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The UK government may have broken Parliamentary rules by not publishing Brexit legal advice, the Commons Speaker has said.
John Bercow said there was an “arguable case” that a contempt of Parliament has been committed.
It means MPs will debate and vote on the issue on Tuesday.
This is likely to delay the start of the debate on Theresa May’s Brexit deal.
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Mr Bercow was responding to a call from senior MPs in six parties – Labour, the Lib Dems, the SNP, the Democratic Unionist Party, Plaid Cymru and the Green Party – for contempt proceedings to be launched.
They say the government has gone back on a binding vote to release “any legal advice in full”.
Attorney General Geoffrey Cox – the government’s chief legal adviser – earlier published an overview of his legal advice on Theresa May’s Brexit deal, and answered MPs’ questions on it.
He argued that it would not be “in the national interest” to publish his advice in full, as it would break a longstanding convention that law officers’ advice to ministers is confidential.
He insisted there was no cover-up, telling MPs: “There is nothing to see here.”
The MPs are also demanding the immediate publication of his final and full legal advice.
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Media captionCox: Brexit backstop a ‘calculated risk’ for UK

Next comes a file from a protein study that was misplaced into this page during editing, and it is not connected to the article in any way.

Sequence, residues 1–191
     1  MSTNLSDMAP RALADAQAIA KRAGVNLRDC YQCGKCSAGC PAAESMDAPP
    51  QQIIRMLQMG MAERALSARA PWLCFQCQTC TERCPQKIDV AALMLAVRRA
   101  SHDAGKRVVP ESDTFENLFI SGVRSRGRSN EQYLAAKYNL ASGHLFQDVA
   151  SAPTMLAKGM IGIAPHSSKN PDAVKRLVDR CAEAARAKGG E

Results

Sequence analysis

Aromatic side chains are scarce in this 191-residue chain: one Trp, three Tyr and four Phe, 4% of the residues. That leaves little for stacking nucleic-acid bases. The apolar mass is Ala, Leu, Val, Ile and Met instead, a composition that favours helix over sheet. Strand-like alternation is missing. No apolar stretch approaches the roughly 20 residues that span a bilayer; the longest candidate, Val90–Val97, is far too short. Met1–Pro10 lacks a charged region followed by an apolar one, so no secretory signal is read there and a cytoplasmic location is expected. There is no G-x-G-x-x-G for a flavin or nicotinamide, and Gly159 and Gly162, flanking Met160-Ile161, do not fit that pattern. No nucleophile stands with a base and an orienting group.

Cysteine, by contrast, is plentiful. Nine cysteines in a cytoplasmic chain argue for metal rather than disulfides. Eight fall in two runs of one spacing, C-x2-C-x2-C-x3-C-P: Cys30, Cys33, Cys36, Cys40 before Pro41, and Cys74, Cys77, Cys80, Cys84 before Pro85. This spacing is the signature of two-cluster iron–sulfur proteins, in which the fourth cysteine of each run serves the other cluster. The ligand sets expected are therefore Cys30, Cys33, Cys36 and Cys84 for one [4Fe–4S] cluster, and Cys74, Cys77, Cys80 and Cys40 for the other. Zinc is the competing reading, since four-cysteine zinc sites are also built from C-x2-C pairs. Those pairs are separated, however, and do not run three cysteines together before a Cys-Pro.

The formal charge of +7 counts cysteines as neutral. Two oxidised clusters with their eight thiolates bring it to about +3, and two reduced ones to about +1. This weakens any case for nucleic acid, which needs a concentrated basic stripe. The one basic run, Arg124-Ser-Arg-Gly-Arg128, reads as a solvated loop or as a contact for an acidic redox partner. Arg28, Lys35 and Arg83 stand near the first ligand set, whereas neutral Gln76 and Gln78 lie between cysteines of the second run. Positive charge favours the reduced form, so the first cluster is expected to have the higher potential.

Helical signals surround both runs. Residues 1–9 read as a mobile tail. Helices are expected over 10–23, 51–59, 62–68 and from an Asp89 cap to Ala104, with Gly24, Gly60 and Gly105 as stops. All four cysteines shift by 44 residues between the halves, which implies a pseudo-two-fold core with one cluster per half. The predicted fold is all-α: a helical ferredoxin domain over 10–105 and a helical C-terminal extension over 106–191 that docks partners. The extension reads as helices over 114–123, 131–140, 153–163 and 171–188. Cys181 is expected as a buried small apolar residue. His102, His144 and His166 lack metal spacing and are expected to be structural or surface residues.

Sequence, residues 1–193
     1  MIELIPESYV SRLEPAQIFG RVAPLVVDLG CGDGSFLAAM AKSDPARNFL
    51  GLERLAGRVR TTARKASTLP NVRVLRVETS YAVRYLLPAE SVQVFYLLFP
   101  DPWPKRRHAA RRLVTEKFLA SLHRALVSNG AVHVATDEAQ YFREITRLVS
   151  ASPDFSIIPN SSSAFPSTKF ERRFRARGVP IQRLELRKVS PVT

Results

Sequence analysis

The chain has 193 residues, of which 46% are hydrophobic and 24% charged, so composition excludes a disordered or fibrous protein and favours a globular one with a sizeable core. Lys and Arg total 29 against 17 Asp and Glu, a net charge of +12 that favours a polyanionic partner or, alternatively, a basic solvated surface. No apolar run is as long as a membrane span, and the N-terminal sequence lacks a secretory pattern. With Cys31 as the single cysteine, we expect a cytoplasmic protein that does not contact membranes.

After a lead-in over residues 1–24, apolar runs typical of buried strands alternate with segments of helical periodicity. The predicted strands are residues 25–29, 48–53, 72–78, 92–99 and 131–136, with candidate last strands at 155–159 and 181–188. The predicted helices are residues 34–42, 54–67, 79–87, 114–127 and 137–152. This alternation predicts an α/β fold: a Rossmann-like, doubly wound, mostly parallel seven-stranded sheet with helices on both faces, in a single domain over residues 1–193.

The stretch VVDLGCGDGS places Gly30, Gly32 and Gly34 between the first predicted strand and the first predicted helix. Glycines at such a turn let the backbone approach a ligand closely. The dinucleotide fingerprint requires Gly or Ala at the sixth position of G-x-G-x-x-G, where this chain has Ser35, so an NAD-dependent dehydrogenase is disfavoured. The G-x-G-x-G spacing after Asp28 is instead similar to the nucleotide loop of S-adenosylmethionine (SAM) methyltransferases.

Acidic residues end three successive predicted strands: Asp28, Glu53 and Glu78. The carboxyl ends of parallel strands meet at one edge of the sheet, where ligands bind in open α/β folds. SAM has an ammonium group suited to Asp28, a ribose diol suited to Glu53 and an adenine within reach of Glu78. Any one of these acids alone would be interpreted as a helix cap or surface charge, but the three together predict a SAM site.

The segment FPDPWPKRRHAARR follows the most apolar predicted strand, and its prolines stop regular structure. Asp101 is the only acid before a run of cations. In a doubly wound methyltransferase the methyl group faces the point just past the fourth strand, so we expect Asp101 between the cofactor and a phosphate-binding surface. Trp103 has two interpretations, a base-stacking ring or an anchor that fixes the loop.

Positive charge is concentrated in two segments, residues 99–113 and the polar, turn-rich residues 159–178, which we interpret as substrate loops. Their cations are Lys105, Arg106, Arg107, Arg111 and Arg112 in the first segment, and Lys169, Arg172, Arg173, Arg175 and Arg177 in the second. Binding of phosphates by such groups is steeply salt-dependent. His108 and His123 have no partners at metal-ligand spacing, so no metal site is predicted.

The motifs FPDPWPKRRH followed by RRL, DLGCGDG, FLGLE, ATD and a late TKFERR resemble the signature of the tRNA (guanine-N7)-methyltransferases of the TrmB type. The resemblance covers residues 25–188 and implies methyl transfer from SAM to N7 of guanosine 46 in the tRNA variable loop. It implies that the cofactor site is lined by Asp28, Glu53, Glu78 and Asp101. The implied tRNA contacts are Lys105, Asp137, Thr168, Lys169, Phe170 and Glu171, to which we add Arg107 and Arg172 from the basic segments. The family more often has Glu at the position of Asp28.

MPs are due to vote on Mrs May’s deal on 11 December.
Labour’s shadow Brexit secretary Sir Keir Starmer said: “This is not about party politics.
“It’s about parliamentary democracy and guaranteeing that MPs have the information they need to know – precisely what the government has negotiated with the European Union.
“Even at this 11th hour, I would urge ministers to step back from the brink and to not go down in history as the first government to be found in contempt.”
However, the government has tabled an amendment to have the issue referred to MPs on the Privileges Committee to investigate whether its response fulfils all its obligations, taking into account any relevant past cases.
BBC Newsnight’s political editor Nick Watt said government sources had told him they would not be publishing the legal advice, arguing that to do so would be unprecedented.
By Sean Curran, Parliamentary Correspondent
The Parliamentary wrangle over the legal advice given to ministers about the Brexit deal is now coming to a head.